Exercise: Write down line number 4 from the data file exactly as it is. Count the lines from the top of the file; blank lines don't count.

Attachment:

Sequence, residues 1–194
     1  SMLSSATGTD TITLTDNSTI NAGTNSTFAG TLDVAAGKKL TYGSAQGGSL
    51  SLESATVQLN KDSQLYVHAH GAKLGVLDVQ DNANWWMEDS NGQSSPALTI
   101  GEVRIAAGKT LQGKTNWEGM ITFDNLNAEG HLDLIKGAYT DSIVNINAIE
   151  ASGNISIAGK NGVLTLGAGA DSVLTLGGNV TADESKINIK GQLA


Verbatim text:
   101  GEVRIAAGKT LQGKTNWEGM ITFDNLNAEG HLDLIKGAYT DSIVNINAIE